A song to play while you’re reading about the Twins: “Sometimes It Snows In April,” by local hero Prince — because a series of home dates likely to be impacted by weather may set the course for this season. Also, it’s a reminder to Minnesotans to enjoy the beautiful summer days at Target Field while they last.
For the 2019 season, the new(ish) Twins front office regime parted ways with their inherited manager, Paul Molitor. They moved from a local hero to someone with no ties to Minnesota, or even the Twins, in Rocco Baldelli. Baldelli has a very unique career arc in that he was a very top prospect whose playing career ended at age 29 due to injury. He then set about to have just about every job in the Rays organization: he worked in the front office as a special assistant for baseball operations, on the field as first base coach, and major league field coordinator. It is hoped that he will bring more than 2-percent of that Rays magic north. There is also hope for him to relate to some of the now post-hype prospects who can not yet be defined as busts (but are trending in that direction), especially Byron Buxton, Miguel Sano, and even one who has yet to sniff the majors in Nick Gordon.
Baldelli’s on-field tendencies will be watched closely by those who have been frustrated by some of Molitor’s moves. But even more important will be the behind-the-scenes work we never really get to see, and that Baldelli has contributed to in his different capacities with Tampa. Will Baldelli and the front office (along with their teams of analysts and interpreters and coaches) be able to unleash the star potential we see in so many of the players in that dugout? That is the key question for the Twins’ 2019 season and beyond. In terms of wins and losses and the on-field product, the AL Central seems ripe for a rise and the potential for the Twins to be playing interesting and relevant games in September is definitely there. The question is simply how much winning can come before the Prince’s April snows return come October?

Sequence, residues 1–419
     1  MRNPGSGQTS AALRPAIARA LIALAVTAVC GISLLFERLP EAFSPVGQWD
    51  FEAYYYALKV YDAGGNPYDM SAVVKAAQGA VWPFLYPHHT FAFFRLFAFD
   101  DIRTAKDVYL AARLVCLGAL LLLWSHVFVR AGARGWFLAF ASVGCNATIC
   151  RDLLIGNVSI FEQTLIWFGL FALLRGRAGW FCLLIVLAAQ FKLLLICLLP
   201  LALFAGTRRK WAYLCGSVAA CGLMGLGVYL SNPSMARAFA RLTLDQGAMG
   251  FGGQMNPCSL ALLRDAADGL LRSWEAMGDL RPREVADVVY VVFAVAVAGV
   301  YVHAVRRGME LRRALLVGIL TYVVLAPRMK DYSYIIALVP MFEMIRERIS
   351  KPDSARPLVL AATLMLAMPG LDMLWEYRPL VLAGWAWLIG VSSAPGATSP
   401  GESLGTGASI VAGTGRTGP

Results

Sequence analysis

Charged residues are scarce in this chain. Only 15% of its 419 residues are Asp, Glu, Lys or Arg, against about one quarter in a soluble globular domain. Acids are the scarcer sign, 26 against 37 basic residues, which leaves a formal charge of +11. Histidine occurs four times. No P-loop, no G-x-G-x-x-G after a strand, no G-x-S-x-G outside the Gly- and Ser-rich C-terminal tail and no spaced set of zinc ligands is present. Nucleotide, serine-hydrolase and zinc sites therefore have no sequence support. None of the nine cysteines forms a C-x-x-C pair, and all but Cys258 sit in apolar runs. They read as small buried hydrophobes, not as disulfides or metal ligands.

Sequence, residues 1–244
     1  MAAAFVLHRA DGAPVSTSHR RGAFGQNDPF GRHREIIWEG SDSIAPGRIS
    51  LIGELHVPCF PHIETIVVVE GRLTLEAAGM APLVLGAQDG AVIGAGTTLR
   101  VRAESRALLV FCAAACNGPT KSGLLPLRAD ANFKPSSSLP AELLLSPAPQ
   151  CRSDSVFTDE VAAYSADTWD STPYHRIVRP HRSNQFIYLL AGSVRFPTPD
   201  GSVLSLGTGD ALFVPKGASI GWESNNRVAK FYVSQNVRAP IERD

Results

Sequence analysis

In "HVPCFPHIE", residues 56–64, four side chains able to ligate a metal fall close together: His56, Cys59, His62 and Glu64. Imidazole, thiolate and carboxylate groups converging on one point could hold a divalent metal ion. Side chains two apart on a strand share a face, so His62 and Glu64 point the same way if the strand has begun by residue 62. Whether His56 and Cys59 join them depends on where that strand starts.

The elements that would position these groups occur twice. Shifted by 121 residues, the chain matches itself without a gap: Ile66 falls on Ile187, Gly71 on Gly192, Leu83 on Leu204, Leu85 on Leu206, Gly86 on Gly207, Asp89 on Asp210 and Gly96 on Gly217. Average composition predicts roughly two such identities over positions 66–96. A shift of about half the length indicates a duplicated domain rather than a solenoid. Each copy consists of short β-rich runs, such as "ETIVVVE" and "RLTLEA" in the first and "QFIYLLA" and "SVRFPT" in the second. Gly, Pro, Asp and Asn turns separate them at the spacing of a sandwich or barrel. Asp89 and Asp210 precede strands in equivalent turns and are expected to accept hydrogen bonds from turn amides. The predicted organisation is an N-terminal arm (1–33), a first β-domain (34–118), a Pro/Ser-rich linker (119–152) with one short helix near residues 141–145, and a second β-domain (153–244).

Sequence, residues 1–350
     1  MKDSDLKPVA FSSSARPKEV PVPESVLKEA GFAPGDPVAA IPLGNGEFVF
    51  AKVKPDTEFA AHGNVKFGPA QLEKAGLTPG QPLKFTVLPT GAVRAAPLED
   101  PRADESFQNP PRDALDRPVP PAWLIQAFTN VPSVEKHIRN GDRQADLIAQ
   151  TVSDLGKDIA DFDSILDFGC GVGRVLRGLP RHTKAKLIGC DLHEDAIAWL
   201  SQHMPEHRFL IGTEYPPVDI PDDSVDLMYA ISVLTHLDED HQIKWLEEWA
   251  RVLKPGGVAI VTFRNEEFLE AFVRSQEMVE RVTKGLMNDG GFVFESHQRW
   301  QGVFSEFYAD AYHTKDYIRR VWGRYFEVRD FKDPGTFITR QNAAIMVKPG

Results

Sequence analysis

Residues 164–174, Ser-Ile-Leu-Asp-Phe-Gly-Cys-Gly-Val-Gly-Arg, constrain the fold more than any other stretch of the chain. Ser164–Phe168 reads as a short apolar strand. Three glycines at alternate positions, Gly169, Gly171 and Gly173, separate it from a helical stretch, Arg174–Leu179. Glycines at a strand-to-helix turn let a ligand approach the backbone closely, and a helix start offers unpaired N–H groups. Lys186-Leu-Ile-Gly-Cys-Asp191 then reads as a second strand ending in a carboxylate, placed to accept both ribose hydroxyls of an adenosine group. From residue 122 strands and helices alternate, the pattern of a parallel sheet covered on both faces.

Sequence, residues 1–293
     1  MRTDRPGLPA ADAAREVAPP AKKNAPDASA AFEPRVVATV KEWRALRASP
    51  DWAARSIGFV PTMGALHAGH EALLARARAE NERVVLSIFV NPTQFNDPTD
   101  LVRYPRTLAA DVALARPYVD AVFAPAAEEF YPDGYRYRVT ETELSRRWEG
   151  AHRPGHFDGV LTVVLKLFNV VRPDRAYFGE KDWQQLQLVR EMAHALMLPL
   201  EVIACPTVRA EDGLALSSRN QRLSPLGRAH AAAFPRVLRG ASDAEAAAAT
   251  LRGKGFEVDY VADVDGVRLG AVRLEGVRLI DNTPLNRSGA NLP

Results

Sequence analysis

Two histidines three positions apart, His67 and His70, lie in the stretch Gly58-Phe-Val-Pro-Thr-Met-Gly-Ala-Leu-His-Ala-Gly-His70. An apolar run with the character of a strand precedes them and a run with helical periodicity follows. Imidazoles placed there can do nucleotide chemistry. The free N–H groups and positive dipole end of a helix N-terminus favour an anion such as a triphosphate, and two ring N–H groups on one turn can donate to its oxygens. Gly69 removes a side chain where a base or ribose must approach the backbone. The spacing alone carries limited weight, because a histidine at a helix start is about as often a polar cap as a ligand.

Win total prediction: 86 wins
What is the Twins’ most recent accomplishment?
The Twins signed Nelson Cruz, 38-year-old slugger, to a 2019 deal worth $14 million with a club option for $12 million in 2020. This helps to fill a need at designated hitter and veteran presence after the retirement of Joe Mauer and the Twins’ decision to decline a club option on Logan Morrison. It is hoped that Cruz can maintain his consistency and also possibly mentor along some of the young Twins, especially fellow Dominican slugger Miguel Sano.
How will the Twins measure success in 2019?
The Twins would count 2019 as a success if they are playing relevant games fighting for the second wild card (or possibly division) in September.
The most Effectively Wild player on the Twins: <extremely Jeff Sullivan voice>Willians Astudillo!
Willians Astudillo is clearly the most Effectively Wild player on the Twins because, it could easily be argued that Willians Astudillo is the most Effetively Wild player. Even with Jeff’s departure, “La Tortuga” brings the EW game to Target Field. His fun, his positional flexibility, and his lack of three true outcomes make him a hero to the masses. And, he combines that with being a very Twins player in that he MAY not even be on the Opening Day roster. Watch the prospects! It’s the Twins way.
2019 promo worth the price of admission(s)
The Twins have announced a “Twins Pass” for 2019 – a subscription based plan that allows all-season access (excluding two big days – Opening Day and Joe Mauer Day) at three different price ranges. For $49 per month, fans get stadium access – read: standing room only. For $99 per month and $149 per month, fans get guaranteed access to an upper level seat or a lower level seat respectively. The seat will be different each day and released through a mobile app. This new structure to fan access promises to be an interesting experiment. Let’s hope it doesn’t follow the fate of its cinema-based predecessor: MoviePass.
…and finally, a haiku for 2019:
Target Field is fun Next post: Season Preview Series 2019: San Francisco Giants
Bux, Eddie and friends should score
But now: who will pitch?
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